I have always believed change is achieved through education, and was in awe of what Phare Ponleu Selpak has achieved here. I’ve felt for a long time that traditional education pigeon holes students, glorifying the kids who take maths and sciences and alienating the artsy ones. Where I’m from, schools don’t seem to understand that all students are different; not all of us want to learn algebra and physics, some of us just want to learn to draw, or dance, or paint, and at Phare Ponleu Selpak, that’s perfectly fine.
Most importantly of all, the press, funding and recognition the school has received has allowed it to truly change lives with this approach, with many of the circus students having been to France to study and perform, and a small few receiving invitations to study at the prestigious National Circus School of Montreal. As opportunities like that are usually reserved for the (very) wealthy, that’s incredibly inspiring from a project dreamed up in an old refugee camp.
Once I’d finished wandering around the school and stalkerishly taking photos of everyone, I was invited to hang around to watch a circus performance that evening, where the students performed for the local community in the school high top. While I couldn’t understand any of the story this time (it was all in Khmer), it was just as entertaining as the first one.
That was my last day in Battambang, and the following morning I got on my bus to Phnom Penh. However, seeing Phare’s story was definitely the highlight of my time in northern Cambodia. In a country with such a dark history, one can only admire these organisations who give under-privileged children a voice and a chance to find their way in life. If you’re ever in Siem Reap, be sure to head out to the high top, and see the magic for yourself.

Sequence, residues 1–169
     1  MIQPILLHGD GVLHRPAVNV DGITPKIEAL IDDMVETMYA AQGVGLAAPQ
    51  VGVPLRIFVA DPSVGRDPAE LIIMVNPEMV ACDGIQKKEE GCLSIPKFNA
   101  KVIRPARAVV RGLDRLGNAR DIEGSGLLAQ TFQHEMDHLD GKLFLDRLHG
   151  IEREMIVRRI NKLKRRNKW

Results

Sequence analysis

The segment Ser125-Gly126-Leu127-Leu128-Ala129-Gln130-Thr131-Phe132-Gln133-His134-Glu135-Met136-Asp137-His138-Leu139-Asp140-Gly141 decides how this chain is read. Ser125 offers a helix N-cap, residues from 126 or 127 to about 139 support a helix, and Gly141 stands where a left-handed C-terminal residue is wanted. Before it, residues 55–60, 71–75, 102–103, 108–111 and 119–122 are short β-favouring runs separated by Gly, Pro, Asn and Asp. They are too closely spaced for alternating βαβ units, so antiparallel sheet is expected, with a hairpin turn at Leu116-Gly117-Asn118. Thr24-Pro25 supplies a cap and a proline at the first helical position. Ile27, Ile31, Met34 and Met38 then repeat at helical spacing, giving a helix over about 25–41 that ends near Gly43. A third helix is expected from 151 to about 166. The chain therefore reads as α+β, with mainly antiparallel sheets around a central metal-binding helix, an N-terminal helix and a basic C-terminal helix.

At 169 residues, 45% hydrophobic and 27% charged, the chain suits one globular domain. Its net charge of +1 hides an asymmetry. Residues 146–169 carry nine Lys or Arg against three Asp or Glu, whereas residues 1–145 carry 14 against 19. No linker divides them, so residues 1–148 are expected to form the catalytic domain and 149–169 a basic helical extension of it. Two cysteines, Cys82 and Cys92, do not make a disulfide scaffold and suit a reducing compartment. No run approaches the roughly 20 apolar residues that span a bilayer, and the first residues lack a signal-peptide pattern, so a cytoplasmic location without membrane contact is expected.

Want to go to Phare?
Update 2017: When you get to Siem Reap, simply book a ticket through your hotel/hostel (most will be able to help you). Otherwise, book directly on their website. You can also try simply showing up, but in high season (November to April) it’s highly recommended you book in advance. It’s quickly become one of the most popular gigs in town!
The show starts at 8pm, and during busy season there are also extra shows at 5pm.
Tickets start at $18. It’s definitely worth every cent, and you can be confident your money is going back into a truly amazing programme.
All details, such as location and show descriptions, can be found at their website.
Enjoy the show!
Heading to Siem Reap?
- If you’re looking for affordable accommodation, I highly recommend using Agoda. They have the best rates across Asia.
- I highly recommend getting travel insurance. Travel in Southeast Asia is unpredictable so please be prepared. For an introduction to travel insurance, why you need it and how to get it, check out my post Travel Insurance 101: Everything You Need to Know.
- For a ton of useful information on Cambodia and Southeast Asia in general, I’d recommend checking out Travelfish – a free site covering every country in the region. Safe travels!